The Navy’s first Littoral Combat Ship (LCS 1) has been quick out of the slips to score some major public relations points by seizing a few tons of cocaine on its first operational deployment in the Caribbean. The fast, maneuverable LCS will excel at such "naval constabulary" operations, writes the Center for Strategic and Budgetary Assessment’s Martin Murphy, in a new white paper (.pdf).
Murphy has done some impressive work on the policy challenges of piracy and insurgents operating in littoral waters. In this paper, he turns his analytical focus towards one of the Navy’s highest profile programs.
LCS had its origins in Cebrowski’s “distributed network” battle fleet idea and the Navy’s realization that larger multi-role ships were too costly. In the face of proliferating land-based, long-range precision missiles, the 1990s idea of maintaining a “sea-base,” a floating defensive bastion off an enemy’s shores, was losing support, at least among some naval analysts, in favor of “a more dispersed and flowing style of war fighting,” Murphy writes.
The speedy and maneuverable LCS appeared to fit just such a concept, particularly in light of Hezbollah’s surprise hit on an Israeli patrol boat with a Chinese built C-802 cruise missile; LCS’s multi-mission, or “plug-and-fight,” modular construction packaging was also appealing.
A sizable chunk of the world’s populace lives on or near inshore waters, making littoral waters a de facto strategically important operating environment. Yet, Hezbollah’s clever employment of today’s equivalent of coastal artillery represents but one of the many complexities found in the littorals, Murphy explains. Small suicide craft, stealthy electric diesel boats, a very messy and cluttered electro-magnetic environment and picking out hostile craft from the mass of commercial craft that ply coastal waters are others.
Murphy provides a good deal of data on the often “tortuous” development history of the LCS that was supposed to produce an inexpensive vessel, but did not, and led to the construction of two competing ship designs: a conventional hull built by Lockheed Martin and an aluminum trimaran hull from General Dynamics. The two ships are functionally similar, or at least similar enough.
The Navy said it will select a single design some time this year with a contract for up to ten ships by 2014. A second contract in 2012 for five more will go to a second shipyard for defense industrial base concerns. The Navy’s planned LCS purchase is 55 with up to 64 “mission packages” which include helos, drones and various weapons.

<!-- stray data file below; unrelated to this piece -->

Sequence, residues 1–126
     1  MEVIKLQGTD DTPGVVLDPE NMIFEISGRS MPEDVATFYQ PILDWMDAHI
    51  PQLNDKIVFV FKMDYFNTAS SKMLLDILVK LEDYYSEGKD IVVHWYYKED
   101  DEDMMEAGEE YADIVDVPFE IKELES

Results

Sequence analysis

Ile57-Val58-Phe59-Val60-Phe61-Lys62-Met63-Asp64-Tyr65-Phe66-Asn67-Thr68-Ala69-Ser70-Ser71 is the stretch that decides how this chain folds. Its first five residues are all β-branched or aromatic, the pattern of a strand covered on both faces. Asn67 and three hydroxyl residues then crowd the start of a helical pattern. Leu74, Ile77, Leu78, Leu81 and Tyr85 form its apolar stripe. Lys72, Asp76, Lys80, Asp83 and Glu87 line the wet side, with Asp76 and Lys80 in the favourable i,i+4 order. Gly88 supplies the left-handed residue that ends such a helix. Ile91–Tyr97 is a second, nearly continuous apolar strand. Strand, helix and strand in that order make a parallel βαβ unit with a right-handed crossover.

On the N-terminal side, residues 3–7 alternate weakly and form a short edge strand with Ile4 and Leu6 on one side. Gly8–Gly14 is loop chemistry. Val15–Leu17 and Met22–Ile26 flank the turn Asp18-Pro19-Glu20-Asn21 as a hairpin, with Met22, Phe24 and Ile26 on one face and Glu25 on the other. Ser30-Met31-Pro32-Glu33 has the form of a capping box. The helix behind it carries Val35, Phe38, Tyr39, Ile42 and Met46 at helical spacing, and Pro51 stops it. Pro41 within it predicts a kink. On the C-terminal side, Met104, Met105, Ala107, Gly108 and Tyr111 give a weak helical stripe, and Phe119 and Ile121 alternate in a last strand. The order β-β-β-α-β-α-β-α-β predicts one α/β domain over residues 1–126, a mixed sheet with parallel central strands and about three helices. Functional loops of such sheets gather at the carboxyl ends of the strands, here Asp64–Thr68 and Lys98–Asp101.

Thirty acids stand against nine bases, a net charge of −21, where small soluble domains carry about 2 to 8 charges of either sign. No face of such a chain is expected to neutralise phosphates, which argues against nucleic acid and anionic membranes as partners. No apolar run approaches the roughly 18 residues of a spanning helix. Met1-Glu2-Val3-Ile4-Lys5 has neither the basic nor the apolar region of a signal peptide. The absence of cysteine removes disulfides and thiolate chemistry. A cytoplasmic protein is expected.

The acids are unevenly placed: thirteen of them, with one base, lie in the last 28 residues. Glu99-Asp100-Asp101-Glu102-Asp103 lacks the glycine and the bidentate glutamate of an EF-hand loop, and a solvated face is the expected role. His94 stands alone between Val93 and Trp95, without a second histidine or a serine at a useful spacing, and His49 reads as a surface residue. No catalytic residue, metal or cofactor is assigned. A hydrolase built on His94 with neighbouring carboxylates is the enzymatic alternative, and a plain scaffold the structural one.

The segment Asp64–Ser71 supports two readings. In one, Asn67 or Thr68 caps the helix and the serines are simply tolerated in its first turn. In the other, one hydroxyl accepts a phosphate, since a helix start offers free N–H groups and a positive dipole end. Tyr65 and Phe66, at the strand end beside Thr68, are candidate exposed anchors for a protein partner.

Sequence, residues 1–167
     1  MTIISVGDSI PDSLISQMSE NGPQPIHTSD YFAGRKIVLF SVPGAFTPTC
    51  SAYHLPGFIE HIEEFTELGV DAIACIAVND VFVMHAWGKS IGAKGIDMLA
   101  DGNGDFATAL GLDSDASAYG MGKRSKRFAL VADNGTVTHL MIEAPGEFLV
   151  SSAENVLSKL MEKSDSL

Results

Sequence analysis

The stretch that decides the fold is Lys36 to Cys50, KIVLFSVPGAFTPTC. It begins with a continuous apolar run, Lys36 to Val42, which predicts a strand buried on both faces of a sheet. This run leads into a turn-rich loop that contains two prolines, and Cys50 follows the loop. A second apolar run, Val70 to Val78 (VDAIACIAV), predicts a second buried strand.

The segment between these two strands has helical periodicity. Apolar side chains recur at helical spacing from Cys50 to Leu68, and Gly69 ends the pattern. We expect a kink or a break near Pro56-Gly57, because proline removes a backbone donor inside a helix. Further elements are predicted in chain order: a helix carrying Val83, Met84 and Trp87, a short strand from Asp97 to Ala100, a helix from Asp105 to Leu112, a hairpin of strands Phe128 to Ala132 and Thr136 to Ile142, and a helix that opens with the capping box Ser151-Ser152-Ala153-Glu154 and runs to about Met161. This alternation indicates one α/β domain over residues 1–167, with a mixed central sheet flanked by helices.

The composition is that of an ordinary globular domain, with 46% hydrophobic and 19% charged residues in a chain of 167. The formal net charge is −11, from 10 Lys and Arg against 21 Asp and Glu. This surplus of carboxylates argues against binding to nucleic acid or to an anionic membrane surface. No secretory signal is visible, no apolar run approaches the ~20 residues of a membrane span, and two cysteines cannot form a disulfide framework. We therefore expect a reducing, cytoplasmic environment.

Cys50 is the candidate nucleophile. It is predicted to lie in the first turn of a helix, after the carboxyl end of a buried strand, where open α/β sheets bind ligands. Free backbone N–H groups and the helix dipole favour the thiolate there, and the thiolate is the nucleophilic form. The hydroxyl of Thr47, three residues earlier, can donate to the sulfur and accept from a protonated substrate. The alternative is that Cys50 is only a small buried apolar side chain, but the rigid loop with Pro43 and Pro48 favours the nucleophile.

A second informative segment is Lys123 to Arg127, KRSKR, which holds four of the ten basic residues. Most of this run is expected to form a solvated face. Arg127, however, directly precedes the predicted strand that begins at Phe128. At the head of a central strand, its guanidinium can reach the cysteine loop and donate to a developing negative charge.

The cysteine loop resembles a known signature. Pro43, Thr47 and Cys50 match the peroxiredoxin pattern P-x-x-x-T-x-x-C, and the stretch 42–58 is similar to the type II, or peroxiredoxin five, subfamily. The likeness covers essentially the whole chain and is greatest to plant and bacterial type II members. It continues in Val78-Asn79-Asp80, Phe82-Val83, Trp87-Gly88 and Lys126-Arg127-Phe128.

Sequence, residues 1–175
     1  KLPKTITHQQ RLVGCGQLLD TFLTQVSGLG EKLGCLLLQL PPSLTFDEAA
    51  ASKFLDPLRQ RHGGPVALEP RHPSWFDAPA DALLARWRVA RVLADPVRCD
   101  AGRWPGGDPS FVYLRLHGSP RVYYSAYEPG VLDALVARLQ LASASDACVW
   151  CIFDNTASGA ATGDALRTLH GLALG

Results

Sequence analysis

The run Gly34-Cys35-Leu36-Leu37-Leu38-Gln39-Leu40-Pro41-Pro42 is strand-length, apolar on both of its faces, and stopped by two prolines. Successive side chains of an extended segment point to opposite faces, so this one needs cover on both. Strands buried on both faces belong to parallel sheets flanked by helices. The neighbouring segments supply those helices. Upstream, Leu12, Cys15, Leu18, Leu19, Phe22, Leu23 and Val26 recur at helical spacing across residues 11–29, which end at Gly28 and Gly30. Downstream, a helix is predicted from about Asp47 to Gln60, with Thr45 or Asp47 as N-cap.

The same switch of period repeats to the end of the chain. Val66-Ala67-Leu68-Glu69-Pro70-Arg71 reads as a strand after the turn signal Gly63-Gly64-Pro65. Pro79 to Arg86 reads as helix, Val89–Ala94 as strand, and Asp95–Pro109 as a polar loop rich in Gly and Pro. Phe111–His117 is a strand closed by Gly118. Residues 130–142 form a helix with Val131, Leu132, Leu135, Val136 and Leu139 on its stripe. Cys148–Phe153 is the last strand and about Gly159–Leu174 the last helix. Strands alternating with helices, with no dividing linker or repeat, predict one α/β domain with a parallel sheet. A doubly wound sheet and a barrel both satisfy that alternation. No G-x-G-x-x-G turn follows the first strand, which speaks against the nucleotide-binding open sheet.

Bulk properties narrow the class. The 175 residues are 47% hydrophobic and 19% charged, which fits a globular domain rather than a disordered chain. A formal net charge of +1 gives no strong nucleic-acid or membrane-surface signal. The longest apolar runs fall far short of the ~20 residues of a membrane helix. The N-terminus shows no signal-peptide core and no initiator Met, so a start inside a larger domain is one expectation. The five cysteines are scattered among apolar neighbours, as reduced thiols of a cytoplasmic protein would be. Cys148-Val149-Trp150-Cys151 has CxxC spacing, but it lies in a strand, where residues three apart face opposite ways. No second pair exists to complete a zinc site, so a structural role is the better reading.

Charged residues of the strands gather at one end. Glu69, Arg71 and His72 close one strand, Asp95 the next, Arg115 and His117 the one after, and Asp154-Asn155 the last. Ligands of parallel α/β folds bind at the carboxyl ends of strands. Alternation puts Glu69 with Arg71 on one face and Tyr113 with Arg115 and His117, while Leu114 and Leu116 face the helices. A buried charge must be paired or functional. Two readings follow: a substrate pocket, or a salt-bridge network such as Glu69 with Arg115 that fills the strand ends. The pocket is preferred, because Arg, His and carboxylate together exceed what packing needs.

The real potential of the LCS lies in its “copious internal space,” the multi-mission modules and its large flight deck (one-and-a-half the size of current combatant flight decks), writes Murphy. Its shallow draft of 15 feet opens up much of the world’s waterways and expands the number of accessible ports from 362 to 1,111. LCS’ speed also gives it the ability to avoid submarines and gain maneuver room when confronting small boat swarms. The vessels could also be deployed on the periphery of large surface groups to extend its operational umbrella.
Murphy highlights a significant weapons limitation: the lack of vertical launch system (VLS) cells that not only limits its long-range attack potential and its ability to defend itself from air attack. He also sees as “worrisome” the ship’s lack of torpedo detection capability; he notes that the Navy is working to redress that one.
“Small ships generally require extensive logistic support,” writes Murphy, and LCS is no different, and when deployed, “consideration needs to be given to providing a “mother ship” or tender in support.” LCS crew size is deliberately small, which may put more demands on work shop access.
Operationally, “the primary use of the LCS is increasingly considered to be as a naval constabulary vessel,” which includes a range of tasks included in the Navy’s new “Cooperative Strategy for the 21st-Century.” These include: fishery protection, counter-narcotics and counter-piracy operations, evacuation of non-combatants, and humanitarian assistance/disaster relief operations. Navy undersecretary Bob Work described the LCS as a highly flexible naval “Swiss Army knife.”
When operating in conjunction with surface action groups, LCS’s primary mission is to protect larger ships from swarms of small boats, and act as a defensive “tripwire.” Murphy sees LCS acting as the “light cavalry” for the surface Navy, performing the roles of scouting, screening and exploitation.
On its own, LCS is well suited to the low-end tasks, such as counter-piracy, naval diplomacy and counternarcotics, writes Murphy. However, to effectively operate at the higher end, particularly where the threat of air attack is higher, an LCS or three would need to operate alongside an Arleigh Burke class destroyer.
“The LCS can undertake many of the missions and tasks that have often been assigned to frigates in the past but it can do more than traditional frigates can. It has the potential to be the “cavalry of the feet,” serving as a bridge or hinge between Phase 0 operations and larger-scale contingencies, freeing the Navy’s larger multi-mission combatants from the need to undertake Phase 0 operations, thereby releasing them to accomplish the missions for which they were designed.”